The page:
Farmers: Animal Welfare Ballot Initiative Would Mean Higher Food Prices
STATE HOUSE NEWS SERVICE
The ballot initiative seeking to eliminate the “extreme confinement” and “lifelong immobilization” of farm animals is unnecessary and would lead to a sharp rise in food prices for Massachusetts residents, the head of a state farmers association said.
“The people of Massachusetts have to understand that this is not about animal welfare, it’s about the elimination of their right to eat meat and making their meat so expensive or animal products so expensive and trying to force them to eat differently,” Rich Bonanno, president of the Massachusetts Farm Bureau Federation, said.
“And that’s a choice the people should be making, not some environmental group from Washington, D.C.,” he added, referring to the Humane Society of the United States.
The Humane Society was one of a half-dozen national, state and local animal welfare groups that gathered Wednesday outside the State House under the name “Citizens for Farm Animal Protection” to rally in support of an initiative petition that supporters say would ensure that veal calves, breeding sows and egg-laying hens “will not spend their lives in cages barely larger than their bodies.”
But Bonanno said the coalition’s efforts to ban veal and pig gestation crates are moot. Those practices haven’t been used in Massachusetts in decades, he said. And of the state’s 150,000 egg-laying chickens, just 3,000 are cooped in constrictive battery cages.
Many farmers don’t use the practices that animal welfare advocates on Wednesday likened to torture, Bonanno said, because stress causes chickens to stop laying eggs and stops pigs and cows from gaining weight.
And that would mean far higher prices at the grocery store, according to Bonanno. Chickens lay roughly one egg a day and the average person eats one egg a day, he said. With only 150,000 chickens laying eggs for the 6 million residents of Massachusetts, 5.85 million eggs must be brought into the state each day, and restricting those imports to only cage-free eggs would severely decrease the available supply of eggs and drive prices up, Bonanno said.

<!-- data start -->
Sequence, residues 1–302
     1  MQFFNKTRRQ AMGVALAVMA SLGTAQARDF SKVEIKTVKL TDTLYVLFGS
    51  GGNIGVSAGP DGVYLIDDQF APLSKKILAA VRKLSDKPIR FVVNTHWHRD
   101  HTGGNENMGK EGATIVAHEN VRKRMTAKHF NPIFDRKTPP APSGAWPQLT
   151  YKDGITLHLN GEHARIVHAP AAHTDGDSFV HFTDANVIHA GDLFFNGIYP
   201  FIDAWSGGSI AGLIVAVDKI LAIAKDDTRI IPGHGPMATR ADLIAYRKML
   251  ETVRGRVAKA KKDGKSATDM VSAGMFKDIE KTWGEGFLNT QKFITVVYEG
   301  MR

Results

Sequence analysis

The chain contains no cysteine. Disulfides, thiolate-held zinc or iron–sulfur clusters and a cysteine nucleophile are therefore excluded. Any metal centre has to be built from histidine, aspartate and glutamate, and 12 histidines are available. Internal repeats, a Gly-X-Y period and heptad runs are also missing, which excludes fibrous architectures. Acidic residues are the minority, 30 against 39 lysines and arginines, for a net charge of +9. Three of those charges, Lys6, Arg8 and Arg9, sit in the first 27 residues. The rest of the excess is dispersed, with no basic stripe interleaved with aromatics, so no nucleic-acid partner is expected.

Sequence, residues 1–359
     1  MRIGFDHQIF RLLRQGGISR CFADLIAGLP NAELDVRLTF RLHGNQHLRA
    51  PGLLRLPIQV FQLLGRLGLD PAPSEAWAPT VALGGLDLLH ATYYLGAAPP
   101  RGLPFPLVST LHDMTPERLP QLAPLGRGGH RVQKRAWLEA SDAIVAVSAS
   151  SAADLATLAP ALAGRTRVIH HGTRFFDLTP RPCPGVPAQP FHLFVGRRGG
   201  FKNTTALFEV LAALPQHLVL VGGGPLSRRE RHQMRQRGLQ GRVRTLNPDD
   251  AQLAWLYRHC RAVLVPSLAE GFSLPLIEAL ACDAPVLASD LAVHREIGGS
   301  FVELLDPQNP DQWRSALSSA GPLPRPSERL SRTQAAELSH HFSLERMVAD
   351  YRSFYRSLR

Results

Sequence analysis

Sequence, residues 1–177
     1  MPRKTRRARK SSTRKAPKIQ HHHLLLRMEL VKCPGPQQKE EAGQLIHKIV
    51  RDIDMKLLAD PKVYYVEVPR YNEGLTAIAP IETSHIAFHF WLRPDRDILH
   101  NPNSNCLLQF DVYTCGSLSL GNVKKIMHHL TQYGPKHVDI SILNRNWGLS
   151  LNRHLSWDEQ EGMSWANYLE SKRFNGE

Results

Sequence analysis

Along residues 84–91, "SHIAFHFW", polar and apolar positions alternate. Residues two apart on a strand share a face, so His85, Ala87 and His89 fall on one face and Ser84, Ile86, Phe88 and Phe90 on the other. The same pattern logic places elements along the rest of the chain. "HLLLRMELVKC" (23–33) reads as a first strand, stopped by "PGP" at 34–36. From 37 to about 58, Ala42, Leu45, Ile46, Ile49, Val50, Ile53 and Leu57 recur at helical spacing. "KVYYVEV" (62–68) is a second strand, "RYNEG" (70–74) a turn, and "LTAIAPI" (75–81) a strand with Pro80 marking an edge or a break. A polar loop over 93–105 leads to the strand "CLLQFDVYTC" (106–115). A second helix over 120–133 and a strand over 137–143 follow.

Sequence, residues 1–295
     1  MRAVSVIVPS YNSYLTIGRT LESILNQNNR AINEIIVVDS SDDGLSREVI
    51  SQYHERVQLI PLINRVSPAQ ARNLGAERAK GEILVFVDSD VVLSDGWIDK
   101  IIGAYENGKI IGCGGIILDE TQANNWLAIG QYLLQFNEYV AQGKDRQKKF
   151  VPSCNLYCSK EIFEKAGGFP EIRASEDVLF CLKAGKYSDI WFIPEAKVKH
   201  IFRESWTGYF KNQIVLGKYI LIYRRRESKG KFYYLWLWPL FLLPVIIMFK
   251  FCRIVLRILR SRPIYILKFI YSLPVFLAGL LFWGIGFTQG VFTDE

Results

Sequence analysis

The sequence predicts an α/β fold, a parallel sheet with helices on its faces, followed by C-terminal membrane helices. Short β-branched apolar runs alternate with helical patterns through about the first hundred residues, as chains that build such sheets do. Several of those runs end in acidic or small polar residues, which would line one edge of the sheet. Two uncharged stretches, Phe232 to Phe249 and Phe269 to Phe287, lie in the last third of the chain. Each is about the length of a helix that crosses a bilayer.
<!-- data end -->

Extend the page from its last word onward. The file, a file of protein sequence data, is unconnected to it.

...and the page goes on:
“They don’t care about the impact on the cost of food for the people of Massachusetts and my comment to them is that people can vote with their pocketbooks. One of the great things about agriculture in Massachusetts and what’s available in Massachusetts is that there are a lot of different options,” he said. “If the public said, ‘We’re willing to pay four times, five times the cost of eggs because we don’t like the way they’re produced,’ that would send a message to the top producers. But the vast majority of people do not want the cost of their food to double, triple or quadruple.”
Humane Society of the United States President and CEO Wayne Pacelle said during Wednesday’s rally that more than 100 food retailers — including Dunkin’ Donuts, McDonald’s and Wal-Mart — have already indicated they will work with their food suppliers to eliminate food from animals that were severely confined from their supply chains.
“What this ballot measure is doing is it’s moving us forward when the corporate sector has already established its verdict on the issue, that animals built to move should be allowed to move and we should adhere to the most basic animal welfare sensibilities when it comes to treating farm animals in our food production system,” he said.Bonanno said the Massachusetts Farm Bureau Federation plans to organize in opposition to the Citizens for Farm Animal Protection initiative, if it eventually makes it onto the 2016 ballot.
If the attorney general certifies the question and the Legislature declines to take it up as a bill, the coalition will have to collect at least 90,000 signatures in order to qualify for the 2016 statewide ballot.